fogetmylogin wrote: Extended travel is a red flag for most corporate jobs. It can be explained away but the assumption will be you got bored easily, aren't committed to career and work and are a free spirit. Basically the stereotypes older people have about millennials generally. All that said it can be a great experience but just be prepared that it may slow you down more than you thought. If you don't have a credential but are a generalist it is even riskier.
Totally agree with this. Even being on the hiring side of things now, I often disregard resumes with long work gaps (especially for travel) because it is just so competitive out there. Why would I bother with someone with a prolonged gap in their resume (and not great tenure/experience like OP) when I can pick from a whole host of other candidates with solid, progressive work history?
Deal Addict
Nov 22, 2009
2638 posts
518 upvotes
Toronto
poleman wrote: At your age HR people should not see extended traveling as a hindrance, but rather a positive. Travel is one of the best education tools out there.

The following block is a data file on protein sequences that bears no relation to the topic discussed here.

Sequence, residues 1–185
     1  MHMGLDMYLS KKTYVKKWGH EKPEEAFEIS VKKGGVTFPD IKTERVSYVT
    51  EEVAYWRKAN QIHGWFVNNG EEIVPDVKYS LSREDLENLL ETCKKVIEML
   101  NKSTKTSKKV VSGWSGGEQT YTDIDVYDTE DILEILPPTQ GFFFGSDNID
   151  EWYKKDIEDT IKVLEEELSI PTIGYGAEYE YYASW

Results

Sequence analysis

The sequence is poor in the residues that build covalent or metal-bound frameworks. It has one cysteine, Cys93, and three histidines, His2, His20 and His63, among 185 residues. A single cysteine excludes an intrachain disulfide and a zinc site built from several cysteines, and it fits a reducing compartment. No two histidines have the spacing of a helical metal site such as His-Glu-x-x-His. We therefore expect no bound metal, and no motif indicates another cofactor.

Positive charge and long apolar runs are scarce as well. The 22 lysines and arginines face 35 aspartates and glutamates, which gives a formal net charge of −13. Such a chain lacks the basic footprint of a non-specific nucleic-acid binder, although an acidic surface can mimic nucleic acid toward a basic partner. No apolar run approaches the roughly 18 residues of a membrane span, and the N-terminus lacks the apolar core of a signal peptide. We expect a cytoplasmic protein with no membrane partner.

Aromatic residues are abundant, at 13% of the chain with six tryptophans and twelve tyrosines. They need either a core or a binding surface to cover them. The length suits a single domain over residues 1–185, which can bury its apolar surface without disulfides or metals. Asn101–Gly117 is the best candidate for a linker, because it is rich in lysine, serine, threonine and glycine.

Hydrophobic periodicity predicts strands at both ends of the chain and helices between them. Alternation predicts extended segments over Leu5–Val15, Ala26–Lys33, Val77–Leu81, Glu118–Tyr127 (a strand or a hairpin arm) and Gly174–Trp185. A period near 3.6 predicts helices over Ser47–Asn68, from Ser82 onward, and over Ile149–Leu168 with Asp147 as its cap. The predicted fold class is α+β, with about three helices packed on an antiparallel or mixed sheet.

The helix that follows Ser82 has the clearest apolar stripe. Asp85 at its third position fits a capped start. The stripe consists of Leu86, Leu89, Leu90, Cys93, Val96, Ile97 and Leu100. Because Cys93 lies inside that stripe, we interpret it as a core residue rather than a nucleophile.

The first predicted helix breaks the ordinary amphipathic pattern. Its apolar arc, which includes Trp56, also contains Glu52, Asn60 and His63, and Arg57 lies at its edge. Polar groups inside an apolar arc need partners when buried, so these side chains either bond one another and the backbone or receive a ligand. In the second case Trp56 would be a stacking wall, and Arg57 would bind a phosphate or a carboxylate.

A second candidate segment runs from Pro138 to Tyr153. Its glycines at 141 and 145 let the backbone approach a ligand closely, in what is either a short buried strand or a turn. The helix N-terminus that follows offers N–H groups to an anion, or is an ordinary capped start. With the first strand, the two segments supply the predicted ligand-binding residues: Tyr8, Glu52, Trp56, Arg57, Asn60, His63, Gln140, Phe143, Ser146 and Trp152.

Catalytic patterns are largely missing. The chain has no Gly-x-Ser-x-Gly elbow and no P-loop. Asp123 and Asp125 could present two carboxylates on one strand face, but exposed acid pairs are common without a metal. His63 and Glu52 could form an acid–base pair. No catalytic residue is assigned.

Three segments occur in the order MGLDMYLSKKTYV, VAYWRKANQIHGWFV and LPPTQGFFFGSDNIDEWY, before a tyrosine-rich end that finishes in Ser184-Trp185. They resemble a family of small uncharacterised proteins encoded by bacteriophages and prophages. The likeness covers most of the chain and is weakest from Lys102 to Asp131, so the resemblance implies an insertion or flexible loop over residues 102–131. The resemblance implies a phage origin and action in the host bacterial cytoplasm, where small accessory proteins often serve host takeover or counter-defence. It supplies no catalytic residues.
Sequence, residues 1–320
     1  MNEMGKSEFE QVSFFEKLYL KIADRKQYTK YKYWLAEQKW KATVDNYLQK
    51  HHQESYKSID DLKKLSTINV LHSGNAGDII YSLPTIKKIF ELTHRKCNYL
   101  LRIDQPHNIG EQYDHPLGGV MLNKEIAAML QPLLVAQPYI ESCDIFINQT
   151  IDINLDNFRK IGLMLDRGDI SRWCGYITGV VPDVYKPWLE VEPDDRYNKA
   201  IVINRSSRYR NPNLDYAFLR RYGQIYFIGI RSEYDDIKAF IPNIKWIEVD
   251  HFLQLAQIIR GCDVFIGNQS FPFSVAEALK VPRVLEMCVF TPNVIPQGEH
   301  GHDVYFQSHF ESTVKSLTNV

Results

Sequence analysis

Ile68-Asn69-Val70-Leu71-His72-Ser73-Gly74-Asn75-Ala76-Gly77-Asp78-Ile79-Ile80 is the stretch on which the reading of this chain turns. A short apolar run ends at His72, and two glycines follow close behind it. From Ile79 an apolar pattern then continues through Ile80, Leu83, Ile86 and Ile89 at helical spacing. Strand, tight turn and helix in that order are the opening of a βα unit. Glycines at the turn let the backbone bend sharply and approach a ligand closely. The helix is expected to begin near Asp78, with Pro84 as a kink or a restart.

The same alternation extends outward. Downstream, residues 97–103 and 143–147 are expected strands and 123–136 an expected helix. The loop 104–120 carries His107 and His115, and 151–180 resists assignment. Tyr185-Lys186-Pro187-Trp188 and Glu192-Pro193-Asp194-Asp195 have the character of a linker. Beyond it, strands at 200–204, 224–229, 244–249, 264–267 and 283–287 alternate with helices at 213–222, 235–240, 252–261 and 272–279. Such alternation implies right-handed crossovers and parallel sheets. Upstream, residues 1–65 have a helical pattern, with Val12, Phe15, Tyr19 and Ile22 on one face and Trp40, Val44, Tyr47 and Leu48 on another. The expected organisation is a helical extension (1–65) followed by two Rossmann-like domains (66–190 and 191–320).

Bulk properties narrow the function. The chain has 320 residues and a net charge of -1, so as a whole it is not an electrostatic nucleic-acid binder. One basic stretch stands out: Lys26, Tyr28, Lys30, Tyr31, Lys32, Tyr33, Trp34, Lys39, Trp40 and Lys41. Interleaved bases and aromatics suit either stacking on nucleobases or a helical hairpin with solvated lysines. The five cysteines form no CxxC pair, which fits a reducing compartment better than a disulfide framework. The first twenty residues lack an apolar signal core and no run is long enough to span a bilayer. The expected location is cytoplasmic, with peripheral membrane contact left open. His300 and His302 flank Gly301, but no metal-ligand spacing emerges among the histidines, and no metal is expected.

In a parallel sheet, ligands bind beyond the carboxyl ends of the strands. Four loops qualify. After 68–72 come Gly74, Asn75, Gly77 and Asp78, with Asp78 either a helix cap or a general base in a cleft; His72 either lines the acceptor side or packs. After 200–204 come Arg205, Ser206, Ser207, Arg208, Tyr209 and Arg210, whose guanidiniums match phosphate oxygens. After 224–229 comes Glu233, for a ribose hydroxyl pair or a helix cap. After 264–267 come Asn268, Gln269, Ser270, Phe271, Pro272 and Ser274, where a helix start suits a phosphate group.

I believe my wife found a job within a month or less. But it really depends on your background and on the job market.
The only person not happy with her taking off for five months was me.
Do you think you can tell us what your wife does? Also, how many years ago was this? One of my friend left to travel back to his home country for 6-7 months, and he had some trouble job hunting when he came back. This was a year ago and he majors in psychology.
Jr. Member
Dec 10, 2011
159 posts
154 upvotes
514
winner2000 wrote: Totally agree with this. Even being on the hiring side of things now, I often disregard resumes with long work gaps (especially for travel) because it is just so competitive out there. Why would I bother with someone with a prolonged gap in their resume (and not great tenure/experience like OP) when I can pick from a whole host of other candidates with solid, progressive work history?